A Summer Speech Therapy Book: The Very Lonely Firefly
One summer evening, I was sitting in my backyard enjoying a moment of peace and quiet when I quickly saw a flash of light move across our backyard.
It was a firefly!
I reminisced about catching fireflies as a child and delighted in soon being able to do the same with our young daughter. Seeing this firefly made me realize that I hadn’t seen one in quite some time. So, I did some research and to my disappointment I learned that fireflies are disappearing in most parts of the United States.
The environmentalist in me decided to take things into my own hands. I embarked on a quest to introduce my daughter as well as my dear clients to these unique little bugs.
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My research led me to stumbling upon this great summertime book:
Seeing that this book was written by the wildly popular children’s author, Eric Carle, I was shocked I hadn’t read it before.
I was so excited to use The Very Lonely Firefly during my speech therapy sessions!
4 Reasons to Use The Very Lonely Firefly in Speech Therapy
- There’s an element of non-fiction.
Before I start reading the book, I tell my clients a little about fireflies (what they are, why they give off light, where and when you can find them, and explain why they are disappearing in some spots). There’s even this little blurb in the beginning of the book:
These fun facts facilitate comprehension. By sprinkling in facts you add to a child’s information database which significantly helps him or her make connections. Knowing these facts also add to discussion and dialogue.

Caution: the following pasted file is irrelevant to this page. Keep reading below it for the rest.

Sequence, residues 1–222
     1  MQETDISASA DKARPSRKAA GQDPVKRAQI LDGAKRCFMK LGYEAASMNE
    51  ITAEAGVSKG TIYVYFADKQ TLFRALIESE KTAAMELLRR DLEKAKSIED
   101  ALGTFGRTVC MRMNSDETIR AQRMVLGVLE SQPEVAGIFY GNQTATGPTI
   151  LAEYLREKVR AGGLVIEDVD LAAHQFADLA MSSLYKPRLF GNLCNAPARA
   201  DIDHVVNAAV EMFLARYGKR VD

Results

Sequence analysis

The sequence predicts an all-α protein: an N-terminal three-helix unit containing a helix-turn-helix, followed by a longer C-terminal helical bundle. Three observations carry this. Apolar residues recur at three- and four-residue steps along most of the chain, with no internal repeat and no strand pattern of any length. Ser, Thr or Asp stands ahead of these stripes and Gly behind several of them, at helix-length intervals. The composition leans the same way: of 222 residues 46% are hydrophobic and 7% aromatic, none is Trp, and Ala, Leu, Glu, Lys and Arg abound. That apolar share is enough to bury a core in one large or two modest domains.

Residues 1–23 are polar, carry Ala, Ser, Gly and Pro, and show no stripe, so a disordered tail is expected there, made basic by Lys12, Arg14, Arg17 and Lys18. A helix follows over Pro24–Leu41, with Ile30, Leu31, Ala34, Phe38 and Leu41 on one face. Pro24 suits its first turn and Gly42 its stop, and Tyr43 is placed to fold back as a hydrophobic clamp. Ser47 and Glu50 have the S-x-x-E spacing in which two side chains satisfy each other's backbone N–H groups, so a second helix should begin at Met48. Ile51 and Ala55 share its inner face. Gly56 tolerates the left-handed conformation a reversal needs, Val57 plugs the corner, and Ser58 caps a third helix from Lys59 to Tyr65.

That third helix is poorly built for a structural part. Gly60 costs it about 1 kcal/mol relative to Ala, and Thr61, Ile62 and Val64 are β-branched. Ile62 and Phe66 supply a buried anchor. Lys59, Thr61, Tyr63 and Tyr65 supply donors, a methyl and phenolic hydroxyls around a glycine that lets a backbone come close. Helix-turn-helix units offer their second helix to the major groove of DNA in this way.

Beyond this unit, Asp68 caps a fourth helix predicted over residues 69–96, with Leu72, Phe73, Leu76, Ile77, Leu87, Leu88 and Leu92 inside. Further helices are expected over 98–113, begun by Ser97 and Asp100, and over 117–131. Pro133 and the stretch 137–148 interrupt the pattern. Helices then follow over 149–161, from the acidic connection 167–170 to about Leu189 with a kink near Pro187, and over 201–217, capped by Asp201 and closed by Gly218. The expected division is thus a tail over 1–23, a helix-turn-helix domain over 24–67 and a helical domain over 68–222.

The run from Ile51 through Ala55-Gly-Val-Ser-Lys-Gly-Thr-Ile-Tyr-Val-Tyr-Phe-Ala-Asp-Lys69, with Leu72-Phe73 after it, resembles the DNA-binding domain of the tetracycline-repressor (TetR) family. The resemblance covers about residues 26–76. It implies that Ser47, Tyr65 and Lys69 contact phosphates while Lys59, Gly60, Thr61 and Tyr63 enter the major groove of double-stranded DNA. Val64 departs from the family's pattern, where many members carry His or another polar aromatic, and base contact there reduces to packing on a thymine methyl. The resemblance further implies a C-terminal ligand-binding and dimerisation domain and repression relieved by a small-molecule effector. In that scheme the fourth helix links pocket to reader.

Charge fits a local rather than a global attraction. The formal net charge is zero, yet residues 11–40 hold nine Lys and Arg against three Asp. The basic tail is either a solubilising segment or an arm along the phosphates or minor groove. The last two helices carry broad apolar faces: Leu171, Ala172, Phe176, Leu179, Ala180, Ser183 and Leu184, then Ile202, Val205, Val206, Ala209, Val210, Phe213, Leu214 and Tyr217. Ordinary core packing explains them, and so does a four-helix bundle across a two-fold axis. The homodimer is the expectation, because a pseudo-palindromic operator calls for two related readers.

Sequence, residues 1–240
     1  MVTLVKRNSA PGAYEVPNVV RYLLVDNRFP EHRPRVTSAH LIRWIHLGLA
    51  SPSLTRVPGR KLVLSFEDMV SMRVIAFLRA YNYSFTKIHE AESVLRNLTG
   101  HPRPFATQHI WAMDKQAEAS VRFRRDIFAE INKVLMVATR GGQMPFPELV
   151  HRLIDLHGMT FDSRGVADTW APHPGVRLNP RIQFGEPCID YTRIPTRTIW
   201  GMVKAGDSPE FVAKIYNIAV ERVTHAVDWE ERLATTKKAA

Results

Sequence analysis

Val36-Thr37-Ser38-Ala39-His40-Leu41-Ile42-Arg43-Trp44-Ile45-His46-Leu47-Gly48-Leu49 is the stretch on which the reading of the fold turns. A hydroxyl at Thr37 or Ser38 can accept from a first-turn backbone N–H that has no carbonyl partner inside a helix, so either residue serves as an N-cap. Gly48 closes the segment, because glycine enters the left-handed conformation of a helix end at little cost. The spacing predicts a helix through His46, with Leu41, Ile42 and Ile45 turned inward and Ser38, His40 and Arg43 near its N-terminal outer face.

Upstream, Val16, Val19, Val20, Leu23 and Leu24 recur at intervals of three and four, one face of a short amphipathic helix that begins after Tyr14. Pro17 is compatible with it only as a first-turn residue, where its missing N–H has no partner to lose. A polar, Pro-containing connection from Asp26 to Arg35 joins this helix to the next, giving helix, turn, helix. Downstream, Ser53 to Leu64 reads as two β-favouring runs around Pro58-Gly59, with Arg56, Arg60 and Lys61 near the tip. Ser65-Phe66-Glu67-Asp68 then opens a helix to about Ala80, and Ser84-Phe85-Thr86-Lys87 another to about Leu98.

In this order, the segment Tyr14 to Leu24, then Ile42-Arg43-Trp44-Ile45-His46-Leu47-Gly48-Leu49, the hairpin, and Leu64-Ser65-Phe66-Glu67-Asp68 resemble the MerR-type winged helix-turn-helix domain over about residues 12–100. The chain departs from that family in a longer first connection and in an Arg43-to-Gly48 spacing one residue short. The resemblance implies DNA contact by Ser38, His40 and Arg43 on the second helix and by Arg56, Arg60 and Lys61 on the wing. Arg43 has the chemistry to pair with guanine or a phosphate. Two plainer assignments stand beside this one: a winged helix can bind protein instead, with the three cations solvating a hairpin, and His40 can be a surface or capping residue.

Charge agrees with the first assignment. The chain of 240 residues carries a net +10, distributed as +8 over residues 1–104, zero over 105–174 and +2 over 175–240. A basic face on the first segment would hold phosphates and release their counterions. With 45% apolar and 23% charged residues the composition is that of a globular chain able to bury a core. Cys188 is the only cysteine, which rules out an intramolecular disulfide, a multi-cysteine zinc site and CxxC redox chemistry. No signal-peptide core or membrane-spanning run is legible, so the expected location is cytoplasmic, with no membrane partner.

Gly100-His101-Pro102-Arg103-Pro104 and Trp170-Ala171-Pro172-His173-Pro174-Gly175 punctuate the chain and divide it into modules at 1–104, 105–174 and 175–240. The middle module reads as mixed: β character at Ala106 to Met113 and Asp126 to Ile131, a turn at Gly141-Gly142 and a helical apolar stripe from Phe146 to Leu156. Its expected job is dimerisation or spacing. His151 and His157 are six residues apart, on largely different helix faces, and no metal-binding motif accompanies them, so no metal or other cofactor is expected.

2. It’s great for early sequencing and story re-telling.
Sequencing a story from the beginning to end drives comprehension and helps children organize their thoughts.
- I made this simple story map as a visual to help some of my clients sequence and re-tell the story:
If my client is a tactile learner, I’ll let him or her use this Folkmanis Mini Firefly Finger Puppet to re-tell parts.
To spice things up, sometimes I’ll play this short youtube clip of a child reading the book aloud:
3. There are repetitive sentences and phrases.
The sentence “The firefly saw a light and flew towards it.” and “But it was not another firefly it was a…..” repeat throughout the book.
Repetition is great for language development! When a word, phrase, or sentence repeats, it gives a toddler or preschooler a chance to participate in the read-aloud. Repetitive words, phrases or sentences also benefit children with (or suspected) childhood apraxia of speech.
Fellow speech language pathologist Ruth Morgan of Chapel Hill Snippets made a wonderful visual sentence frame freebie to further facilitate understanding. Click here to download it for free.
- Lots of opportunities to practice the “f” sound in the initial position of words.
The word “firefly” repeats, quite obviously, throughout the book making it an excellent choice for speech therapists, parents, or teachers targeting the “f” sound. For more tips and suggestions on how to target the “f” sound please read this post: Tips for Saying the F and V Sounds.
As always, I hope this has been helpful! Please feel feee to share this with your family, friends, students, clients, etc.
For more summer themed books please see these posts: